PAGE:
James Madison was born to Nelly Conway and Colonel James Madison. His antecedents had pioneered lands in Orange County, where he inherited the five-thousand-acre estate Montpelier, whose mansion he commissioned William Thornton to rebuild. Tutors prepared him in the classics, French, and Spanish. He received his B.A. from Princeton University in 1771 after two years of study, principally in history, government, and debate. His health compelled him to return to Montpelier, where he studied law, and limited his participation in the Revolutionary War to civilian service.
He was a member of the Virginia Committee of Safety in 1775, the Constitutional Convention in 1776, the Executive Council in 1778-1780, and the House of Delegates in 1776, 1783-1786, and 1799. As a free-thinker, he advocated religious freedom and disestablishment of the Church. In 1784 he defeated Patrick Henry’s bill in the Virginia legislature to give financial support to “teachers of Christian religion.” Refusal to treat voters to liquor at the polls caused his only political defeat, reelection to the House of Delegates in 1777. In Virginia, Madison established his reputation for meticulous detail, linguistic ability, and grasp of principles of government.
As a delegate to the Continental Congress in 1780-1783 and 1786-1789 Madison kept valuable notes of its proceedings. He consistently advocated that the confederation raise revenue by a uniform tariff, voiced the ambitions of the Trans-Allegheny, helped persuade Congress to honor Virginia’s ownership and gift of the Northwest Territory, and blocked northern mercantile proposals to exchange Mississippi navigation for Spanish trading concessions.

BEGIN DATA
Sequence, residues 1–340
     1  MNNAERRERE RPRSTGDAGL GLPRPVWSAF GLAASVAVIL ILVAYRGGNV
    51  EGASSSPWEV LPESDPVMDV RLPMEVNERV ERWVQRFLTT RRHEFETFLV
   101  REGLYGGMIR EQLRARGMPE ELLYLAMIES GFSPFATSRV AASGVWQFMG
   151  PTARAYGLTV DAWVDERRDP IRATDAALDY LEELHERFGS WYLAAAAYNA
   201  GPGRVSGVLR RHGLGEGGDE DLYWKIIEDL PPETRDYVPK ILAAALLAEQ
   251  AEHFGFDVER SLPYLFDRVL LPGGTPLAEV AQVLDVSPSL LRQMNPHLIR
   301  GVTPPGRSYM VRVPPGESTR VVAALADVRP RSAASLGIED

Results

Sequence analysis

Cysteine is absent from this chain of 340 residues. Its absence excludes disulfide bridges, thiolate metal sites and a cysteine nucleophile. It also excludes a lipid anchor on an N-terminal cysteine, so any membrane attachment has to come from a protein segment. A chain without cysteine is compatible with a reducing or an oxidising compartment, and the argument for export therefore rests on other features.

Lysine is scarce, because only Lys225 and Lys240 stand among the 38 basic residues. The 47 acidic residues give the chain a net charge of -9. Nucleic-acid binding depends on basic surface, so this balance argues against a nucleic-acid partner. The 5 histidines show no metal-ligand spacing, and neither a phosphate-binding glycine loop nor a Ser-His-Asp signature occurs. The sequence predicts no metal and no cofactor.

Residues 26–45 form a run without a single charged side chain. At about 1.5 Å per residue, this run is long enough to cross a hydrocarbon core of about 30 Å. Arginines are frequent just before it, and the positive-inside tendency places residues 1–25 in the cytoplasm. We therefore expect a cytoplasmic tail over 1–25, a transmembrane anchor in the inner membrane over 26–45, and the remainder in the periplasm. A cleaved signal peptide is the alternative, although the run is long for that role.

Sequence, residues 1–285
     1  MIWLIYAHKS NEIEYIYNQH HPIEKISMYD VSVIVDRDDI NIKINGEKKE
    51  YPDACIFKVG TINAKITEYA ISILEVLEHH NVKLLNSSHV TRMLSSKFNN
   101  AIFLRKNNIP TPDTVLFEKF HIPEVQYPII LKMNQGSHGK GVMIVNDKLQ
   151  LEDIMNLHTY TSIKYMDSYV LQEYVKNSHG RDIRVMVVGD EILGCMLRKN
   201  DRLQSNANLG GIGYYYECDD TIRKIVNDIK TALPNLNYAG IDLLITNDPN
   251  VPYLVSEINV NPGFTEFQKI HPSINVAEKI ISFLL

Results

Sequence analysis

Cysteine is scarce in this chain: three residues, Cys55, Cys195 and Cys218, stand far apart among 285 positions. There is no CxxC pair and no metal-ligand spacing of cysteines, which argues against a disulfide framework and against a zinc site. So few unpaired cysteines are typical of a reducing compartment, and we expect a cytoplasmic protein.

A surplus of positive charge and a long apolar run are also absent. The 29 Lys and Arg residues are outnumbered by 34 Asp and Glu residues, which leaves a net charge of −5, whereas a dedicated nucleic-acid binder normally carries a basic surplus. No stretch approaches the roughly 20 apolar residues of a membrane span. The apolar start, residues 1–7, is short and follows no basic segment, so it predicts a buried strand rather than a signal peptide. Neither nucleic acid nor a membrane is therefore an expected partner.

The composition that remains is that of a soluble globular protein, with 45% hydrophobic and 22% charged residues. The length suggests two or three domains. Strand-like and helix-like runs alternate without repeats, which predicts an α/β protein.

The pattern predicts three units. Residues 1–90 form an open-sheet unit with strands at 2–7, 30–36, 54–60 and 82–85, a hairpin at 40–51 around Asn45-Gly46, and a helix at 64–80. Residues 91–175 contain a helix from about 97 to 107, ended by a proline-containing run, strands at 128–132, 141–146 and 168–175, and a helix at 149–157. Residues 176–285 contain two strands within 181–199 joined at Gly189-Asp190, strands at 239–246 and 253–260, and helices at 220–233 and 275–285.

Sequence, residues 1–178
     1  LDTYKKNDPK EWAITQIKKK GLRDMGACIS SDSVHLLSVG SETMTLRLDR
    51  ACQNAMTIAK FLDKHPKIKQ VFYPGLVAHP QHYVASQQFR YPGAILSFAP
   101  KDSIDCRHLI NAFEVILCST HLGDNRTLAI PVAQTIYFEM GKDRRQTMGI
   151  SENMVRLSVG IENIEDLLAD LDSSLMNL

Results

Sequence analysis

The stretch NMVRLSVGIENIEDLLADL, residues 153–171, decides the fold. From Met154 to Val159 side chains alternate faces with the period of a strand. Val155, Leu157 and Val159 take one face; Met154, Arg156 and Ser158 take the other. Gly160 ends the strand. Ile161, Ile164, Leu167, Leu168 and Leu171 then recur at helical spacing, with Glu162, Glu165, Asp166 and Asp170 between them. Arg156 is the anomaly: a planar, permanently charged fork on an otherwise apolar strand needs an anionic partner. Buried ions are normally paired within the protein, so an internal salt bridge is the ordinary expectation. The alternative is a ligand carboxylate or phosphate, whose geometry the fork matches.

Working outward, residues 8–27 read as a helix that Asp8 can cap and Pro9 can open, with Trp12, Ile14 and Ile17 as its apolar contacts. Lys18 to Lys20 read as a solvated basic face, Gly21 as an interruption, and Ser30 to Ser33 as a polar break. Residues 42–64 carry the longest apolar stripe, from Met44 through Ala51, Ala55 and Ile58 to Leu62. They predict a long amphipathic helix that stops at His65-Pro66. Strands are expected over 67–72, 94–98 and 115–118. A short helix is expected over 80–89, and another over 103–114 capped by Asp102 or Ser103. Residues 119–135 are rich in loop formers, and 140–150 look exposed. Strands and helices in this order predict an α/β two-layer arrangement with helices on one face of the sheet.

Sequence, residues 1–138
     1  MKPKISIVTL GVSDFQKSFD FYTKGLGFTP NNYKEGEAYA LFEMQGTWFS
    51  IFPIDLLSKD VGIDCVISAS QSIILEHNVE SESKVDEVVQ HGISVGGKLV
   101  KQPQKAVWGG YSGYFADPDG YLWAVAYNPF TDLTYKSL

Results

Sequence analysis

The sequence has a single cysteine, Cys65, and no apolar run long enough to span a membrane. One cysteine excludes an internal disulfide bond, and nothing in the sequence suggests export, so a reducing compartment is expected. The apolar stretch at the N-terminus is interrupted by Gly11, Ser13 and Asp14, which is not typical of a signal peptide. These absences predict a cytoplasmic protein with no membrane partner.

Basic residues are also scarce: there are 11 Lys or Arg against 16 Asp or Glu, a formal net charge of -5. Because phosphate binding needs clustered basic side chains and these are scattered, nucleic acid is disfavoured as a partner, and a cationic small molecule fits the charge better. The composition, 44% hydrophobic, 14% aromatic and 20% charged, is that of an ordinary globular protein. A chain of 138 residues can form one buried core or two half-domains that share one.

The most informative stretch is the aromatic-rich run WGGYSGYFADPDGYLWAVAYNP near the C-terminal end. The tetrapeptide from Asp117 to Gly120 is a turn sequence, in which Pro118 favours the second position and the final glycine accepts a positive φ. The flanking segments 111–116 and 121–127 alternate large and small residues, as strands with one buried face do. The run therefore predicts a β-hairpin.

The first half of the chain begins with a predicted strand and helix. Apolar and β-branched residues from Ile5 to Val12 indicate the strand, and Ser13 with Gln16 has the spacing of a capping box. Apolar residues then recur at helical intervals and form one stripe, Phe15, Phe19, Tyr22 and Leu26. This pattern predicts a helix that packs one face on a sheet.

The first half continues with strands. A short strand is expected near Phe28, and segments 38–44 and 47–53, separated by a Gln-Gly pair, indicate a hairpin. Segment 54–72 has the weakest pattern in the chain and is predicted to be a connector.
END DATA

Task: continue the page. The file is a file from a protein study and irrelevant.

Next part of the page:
Madison’s fame rests primarily on his contributions to the Federal Convention at Philadelphia in 1787. In hopes of broader interstate compromises, he had participated in the compromise of Virginia’s and Maryland’s maritime differences that had led to the convention. Although not the convention’s official secretary, he kept daily notes of its proceedings, which comprise the only eye-witness history of the convention. He became the leading advocate of a national government with coercive power as the alternative to monarchy or fragmentation. Although Edmund Randolph presented the Virginia Plan to the convention, Madison’s influence upon it was immense, minimizing small-state fears by favoring strong executive and judicial departments as protection against omnipotent central government. Although in 1787 he asserted federal power to incorporate a national bank, as president he vetoed in 1812 the...
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